A Deep Dive into Active Record Validations

Accepting user input is critical to modern Rails applications, but without validations, it can cause problems. In this article, learn how to use ActiveModel validations to ensure the data you process is safe.

Many activities that used to be done offline can now be done online, from booking flights to opening bank accounts, shopping online, and much more. At the heart of it, we shouldn’t forget that data are powering all these online transactions.

Therefore, to ensure that everything runs seamlessly, the data stored in databases must be of the right quality. However, what is an effective way to ensure data integrity, especially when a big chunk of it is user-generated? This is where data validations are useful.

Ruby on Rails is structured on the MVC architecture. The "M", also called the model layer, is responsible for managing how objects are created and stored in a database. In Rails, the model layer is run by Active Record by default, and as such, Active Record is responsible for handling the important task of data validation.

In simple terms, validations are a set of rules that declare whether a model is valid based on various criteria. Every model object contains an errors collection. In valid models, this collection contains no errors and is empty. When you declare validation rules on a certain model that it fails to pass, then its errors collection will contain errors consistent with the rules you've set, and this model will not be valid.

A simple example is checking whether a certain user input, such as an email field, contains any data after a user form is submitted. If the data is missing, an error message will be shown to the user so that he or she can provide it.

In this article, we'll explore the different validations that come packaged with Active Record, beginning with simple ones: validating the presence of something, validating by data type, and validating by regex. We'll also cover more complex topics, such as how to use validations with Active Storage, how to write your own custom rules, including how to customize the error messages being shown to users, how to test validation rules, and more.


In this tutorial, we'll be using a simple app featuring Users, Plans, and Subscriptions. With this example, we should be able to cover the range of validation possibilities from the simple to the more complex ones. You can find the example app code here.

You'll also need the following:

  • A working Rails 7 installation
  • Bundler installed
  • Intermediate to advanced Ruby on Rails experience

This should be fun, so let's go!

Built-in Simple Validations

Validating the Presence and Absence Of Attributes

This simple validation is for checking the presence or, in some cases, the absence of an attribute. In the example code below, we're checking to see if the title attribute on our Post model is present before it's saved.

# app/models/user.rb
class User < ApplicationRecord
    # validating presence
    validates :name, presence: true
    validates :email, presence: true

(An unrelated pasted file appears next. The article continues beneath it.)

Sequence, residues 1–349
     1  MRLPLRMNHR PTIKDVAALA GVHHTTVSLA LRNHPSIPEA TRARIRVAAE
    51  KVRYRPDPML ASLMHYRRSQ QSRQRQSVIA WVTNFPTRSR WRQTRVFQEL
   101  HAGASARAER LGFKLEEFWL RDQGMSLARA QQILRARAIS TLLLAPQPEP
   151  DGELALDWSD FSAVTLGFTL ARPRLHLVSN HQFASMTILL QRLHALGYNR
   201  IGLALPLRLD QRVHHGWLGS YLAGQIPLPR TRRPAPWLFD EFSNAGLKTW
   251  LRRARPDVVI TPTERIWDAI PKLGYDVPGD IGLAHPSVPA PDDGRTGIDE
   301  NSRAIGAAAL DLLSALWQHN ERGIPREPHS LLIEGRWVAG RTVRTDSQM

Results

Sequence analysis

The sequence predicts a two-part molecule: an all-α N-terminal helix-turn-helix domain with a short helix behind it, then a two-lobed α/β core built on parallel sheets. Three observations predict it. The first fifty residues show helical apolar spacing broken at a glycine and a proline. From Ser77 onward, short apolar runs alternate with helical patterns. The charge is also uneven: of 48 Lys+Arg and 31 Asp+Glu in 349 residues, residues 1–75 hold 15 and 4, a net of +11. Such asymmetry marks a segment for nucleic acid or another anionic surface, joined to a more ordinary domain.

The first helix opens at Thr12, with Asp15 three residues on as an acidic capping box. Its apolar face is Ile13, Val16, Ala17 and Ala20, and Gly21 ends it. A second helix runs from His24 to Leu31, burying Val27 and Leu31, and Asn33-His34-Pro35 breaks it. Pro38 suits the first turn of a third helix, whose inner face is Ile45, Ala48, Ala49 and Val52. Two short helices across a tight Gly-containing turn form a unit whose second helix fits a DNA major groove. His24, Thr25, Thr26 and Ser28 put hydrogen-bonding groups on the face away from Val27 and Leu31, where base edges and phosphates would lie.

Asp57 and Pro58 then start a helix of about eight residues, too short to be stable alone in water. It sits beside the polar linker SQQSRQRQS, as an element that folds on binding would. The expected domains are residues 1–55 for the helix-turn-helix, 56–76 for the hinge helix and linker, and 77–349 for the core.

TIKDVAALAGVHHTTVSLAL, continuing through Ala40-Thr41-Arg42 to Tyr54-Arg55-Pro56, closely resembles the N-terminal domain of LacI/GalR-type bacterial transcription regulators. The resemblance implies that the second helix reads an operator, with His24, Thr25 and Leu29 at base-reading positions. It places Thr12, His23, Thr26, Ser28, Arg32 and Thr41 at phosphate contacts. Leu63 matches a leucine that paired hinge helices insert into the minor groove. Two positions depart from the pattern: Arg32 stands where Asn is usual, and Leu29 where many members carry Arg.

So, if you try to submit the form for the user model in the example code above, and it's missing either of the two fields, you will get an error and an error message that the field cannot be blank:

Validating Presence Error

What about validating the absence of an attribute? Where would you utilize that, you may ask?

Well, consider the rampant abuse of forms by bots and other automated scripts. One very simple way of filtering bot form submissions is through the use of "honeypot" fields.

Here, you insert hidden form fields you are sure could never be filled by a normal human user since they would obviously not be visible to them. However, when a bot finds such a field, thinking it's one of the required form inputs, it fills it with some data. In this case, a filled-in honeypot field would indicate that our model is invalid.

class User < ApplicationRecord
    validates :honey_pot_field, presence: false

Let's look into another simple validation with an interesting use case.

Validating Whether Two Attributes Match

To check if two fields submitted by a user match, such as a password field and a password confirmation field, you could use the validates_confirmation_of rule.

# app/models/user.rb
class User < ApplicationRecord
    # validating presence
    validates :name, presence: true
    validates :email, presence: true

    # validating confirmation (that 2 fields match)
    validates :email_confirmation, presence: true
    validates :email, confirmation: true

This validation rule works by creating a virtual attribute of the confirmation value and then comparing the two attributes to ensure that they match. In they don't, the user gets a confirmation error (we'll get into errors in detail a bit later in the article).

Validates confirmation error

It's important to point out that the validates_confirmation rule only works if the confirmation field is also present (i.e., it isn’t nil), so make sure to use another rule, the validates_presence_of, to ensure that it's present.